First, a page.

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I've been on google for about, oh, 3 hours looking for a solution to this "problem." I'm trying to figure out how to instantiate a C structure in lisp using CFFI. I have a struct in c:

struct cpVect{cpFloat x,y;}

Simple right? I have auto-generated CFFI bindings (swig, I think) to this struct:

(cffi:defcstruct #.(chipmunk-lispify "cpVect" 'classname)
    (#.(chipmunk-lispify "x" 'slotname) :double)
    (#.(chipmunk-lispify "y" 'slotname) :double))

This generates a struct "VECT" with slots :X and :Y, which foreign-slot-names confirms (please note that I neither generated the bindings or programmed the C library (chipmunk physics), but the actual functions are being called from lisp just fine).

I've searched far and wide, and maybe I've seen it 100 times and glossed over it, but I cannot figure out how to create a instance of cpVect in lisp to use in other functions.

Note the function:

cpShape *cpPolyShapeNew(cpBody *body, int numVerts, cpVect *verts, cpVect offset)

Takes not only a cpVect, but also a pointer to a set of cpVects, which brings me to my second question: how do I create a pointer to a set of structs?

I've been to http://common-lisp.net/project/cffi/manual/html_node/defcstruct.html and tried the code, but get "Error: Unbound variable: PTR" (I'm in Clozure CL), not to mention that looks to only return a pointer, not an instance.

I'm new to lisp, been going pretty strong so far, but this is the first real problem I've hit that I can't figure out. Thanks!

share|improve this question
allocate with FOREIGN-ALLOC? – Rainer Joswig Dec 31 '10 at 9:20
Works for collections of pointers...half the problem. Thank you!! – andrew Jan 2 '11 at 1:44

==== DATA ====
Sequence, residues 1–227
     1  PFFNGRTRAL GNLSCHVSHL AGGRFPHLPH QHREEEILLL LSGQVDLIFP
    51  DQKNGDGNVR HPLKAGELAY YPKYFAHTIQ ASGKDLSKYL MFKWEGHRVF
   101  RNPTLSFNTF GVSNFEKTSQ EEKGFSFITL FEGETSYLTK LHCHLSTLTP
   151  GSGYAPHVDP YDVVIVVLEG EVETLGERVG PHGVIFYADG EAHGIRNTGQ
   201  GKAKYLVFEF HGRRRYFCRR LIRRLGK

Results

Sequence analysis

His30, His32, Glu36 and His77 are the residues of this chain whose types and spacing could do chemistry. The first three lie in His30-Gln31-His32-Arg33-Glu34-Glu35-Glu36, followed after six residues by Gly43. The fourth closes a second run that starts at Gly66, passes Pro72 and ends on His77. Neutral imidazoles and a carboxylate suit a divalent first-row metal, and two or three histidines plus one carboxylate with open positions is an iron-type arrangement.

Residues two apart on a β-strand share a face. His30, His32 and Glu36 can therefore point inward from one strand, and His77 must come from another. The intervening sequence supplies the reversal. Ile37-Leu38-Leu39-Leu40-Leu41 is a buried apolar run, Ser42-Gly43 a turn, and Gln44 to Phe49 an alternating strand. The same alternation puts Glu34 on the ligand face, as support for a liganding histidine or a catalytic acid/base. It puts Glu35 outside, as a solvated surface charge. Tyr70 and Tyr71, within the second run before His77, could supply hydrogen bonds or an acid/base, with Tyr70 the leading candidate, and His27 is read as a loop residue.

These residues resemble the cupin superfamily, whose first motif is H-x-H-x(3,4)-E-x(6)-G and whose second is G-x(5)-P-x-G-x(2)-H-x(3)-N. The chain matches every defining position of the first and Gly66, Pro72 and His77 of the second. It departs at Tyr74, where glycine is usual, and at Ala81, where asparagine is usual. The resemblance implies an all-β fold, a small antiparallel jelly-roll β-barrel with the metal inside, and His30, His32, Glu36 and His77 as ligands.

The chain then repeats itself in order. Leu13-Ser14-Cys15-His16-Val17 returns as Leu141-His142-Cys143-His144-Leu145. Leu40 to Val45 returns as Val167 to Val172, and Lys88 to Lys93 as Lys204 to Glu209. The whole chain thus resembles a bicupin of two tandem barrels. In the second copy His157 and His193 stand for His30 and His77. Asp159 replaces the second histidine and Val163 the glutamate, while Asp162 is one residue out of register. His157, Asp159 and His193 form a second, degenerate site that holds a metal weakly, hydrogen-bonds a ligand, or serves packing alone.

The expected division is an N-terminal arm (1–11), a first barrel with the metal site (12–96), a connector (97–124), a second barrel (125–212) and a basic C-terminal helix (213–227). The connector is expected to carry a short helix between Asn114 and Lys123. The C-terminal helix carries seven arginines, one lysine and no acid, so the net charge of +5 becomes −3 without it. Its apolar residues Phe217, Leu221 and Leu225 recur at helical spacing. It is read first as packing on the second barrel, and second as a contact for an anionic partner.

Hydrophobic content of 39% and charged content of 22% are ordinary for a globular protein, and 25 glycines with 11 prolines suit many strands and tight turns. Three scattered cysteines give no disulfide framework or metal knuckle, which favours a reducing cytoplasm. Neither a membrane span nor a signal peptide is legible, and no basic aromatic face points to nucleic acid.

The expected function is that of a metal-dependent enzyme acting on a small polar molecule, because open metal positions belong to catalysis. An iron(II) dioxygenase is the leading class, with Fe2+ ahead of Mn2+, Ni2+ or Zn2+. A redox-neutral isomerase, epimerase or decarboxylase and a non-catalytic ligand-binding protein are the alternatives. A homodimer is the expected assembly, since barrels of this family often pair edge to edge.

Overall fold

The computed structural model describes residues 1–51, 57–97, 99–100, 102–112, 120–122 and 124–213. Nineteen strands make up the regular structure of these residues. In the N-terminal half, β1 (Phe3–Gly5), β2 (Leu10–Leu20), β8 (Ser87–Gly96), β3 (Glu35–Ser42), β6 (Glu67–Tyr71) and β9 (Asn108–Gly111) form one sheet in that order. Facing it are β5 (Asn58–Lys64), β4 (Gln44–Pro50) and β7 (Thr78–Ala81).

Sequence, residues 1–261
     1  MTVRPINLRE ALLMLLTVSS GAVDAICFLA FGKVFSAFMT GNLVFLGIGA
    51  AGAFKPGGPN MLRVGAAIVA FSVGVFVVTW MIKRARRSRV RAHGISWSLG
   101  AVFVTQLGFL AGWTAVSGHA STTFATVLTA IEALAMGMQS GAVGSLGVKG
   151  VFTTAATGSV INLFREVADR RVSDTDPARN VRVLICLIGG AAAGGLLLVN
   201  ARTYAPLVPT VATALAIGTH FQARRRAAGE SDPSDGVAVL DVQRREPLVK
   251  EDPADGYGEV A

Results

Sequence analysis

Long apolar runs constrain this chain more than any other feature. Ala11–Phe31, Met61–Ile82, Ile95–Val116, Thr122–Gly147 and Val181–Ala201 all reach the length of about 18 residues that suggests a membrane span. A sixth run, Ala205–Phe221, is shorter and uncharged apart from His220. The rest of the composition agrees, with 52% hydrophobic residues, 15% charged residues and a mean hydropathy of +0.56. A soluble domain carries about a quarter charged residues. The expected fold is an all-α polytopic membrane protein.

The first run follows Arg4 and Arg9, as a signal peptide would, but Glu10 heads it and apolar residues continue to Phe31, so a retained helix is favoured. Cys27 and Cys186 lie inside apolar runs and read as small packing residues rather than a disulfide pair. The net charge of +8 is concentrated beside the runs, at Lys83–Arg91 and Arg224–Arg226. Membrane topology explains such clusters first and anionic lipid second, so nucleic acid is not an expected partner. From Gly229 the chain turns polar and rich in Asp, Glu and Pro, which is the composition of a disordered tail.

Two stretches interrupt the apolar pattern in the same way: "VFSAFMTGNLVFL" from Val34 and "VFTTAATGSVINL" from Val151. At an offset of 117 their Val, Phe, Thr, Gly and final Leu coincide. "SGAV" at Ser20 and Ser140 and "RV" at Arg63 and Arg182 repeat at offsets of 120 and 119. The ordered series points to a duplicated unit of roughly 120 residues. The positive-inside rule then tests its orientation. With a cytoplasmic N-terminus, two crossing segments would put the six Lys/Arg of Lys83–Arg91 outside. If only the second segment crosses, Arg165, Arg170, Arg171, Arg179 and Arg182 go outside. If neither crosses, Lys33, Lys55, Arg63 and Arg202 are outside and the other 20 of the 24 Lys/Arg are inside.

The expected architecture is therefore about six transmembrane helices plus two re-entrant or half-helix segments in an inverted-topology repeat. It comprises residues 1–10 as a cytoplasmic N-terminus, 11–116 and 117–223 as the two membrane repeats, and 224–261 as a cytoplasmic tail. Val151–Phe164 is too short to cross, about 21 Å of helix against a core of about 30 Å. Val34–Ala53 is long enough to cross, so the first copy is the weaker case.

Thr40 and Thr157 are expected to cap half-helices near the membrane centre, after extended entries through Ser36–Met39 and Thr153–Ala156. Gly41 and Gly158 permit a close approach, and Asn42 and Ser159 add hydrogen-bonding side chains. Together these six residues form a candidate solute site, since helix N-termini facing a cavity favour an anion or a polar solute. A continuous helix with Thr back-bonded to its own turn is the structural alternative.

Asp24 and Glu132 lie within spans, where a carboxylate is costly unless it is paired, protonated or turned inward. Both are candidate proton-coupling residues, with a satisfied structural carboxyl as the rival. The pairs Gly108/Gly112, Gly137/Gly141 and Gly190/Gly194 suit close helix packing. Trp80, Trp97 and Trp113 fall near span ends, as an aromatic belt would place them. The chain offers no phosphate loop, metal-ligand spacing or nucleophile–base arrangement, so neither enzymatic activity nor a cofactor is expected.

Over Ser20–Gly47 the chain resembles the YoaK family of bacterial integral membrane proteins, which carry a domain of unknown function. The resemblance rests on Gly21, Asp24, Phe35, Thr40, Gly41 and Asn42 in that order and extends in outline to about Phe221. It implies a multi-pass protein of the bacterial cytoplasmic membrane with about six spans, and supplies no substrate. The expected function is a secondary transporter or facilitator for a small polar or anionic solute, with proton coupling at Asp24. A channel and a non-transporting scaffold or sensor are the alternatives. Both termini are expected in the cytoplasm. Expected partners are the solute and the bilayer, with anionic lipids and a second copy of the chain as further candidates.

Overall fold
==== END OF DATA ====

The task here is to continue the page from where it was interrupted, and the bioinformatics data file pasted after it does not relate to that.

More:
up vote 2 down vote accepted

Most Common Lisp implementations do not allow passing structures on stack. There is a fsbv library which uses libffi to add that capability. If you know the structure layout you can decompose it manually as a series of basic arguments, but that is obviously brittle.

share|improve this answer
Turns out I didn't need to allocate on the stack after all, but your answer led me to dig deeper. Thank you. – andrew Jan 2 '11 at 1:46

Not sure this will help much, but you could look at the ruby FFI bindings for chipmunk: https://github.com/shawn42/chipmunk-ffi/blob/master/lib/chipmunk-ffi/vec2.rb

Chipmunk has a data section that has all the inline method calls so FFI can use them. One of those is called cpv. cpv is the method that creates the cpVect struct. Feel free to start up a conversation about this on github w/ me (shawn42).

share|improve this answer
Turns out the CFFI binding is actually broken out so each time a cpVect is required, you pass vect-x and vect-y as separate arguments (solves the problem of creating on the stack). As far as allocating pointers, CFFI is working great. – andrew Jan 2 '11 at 1:42

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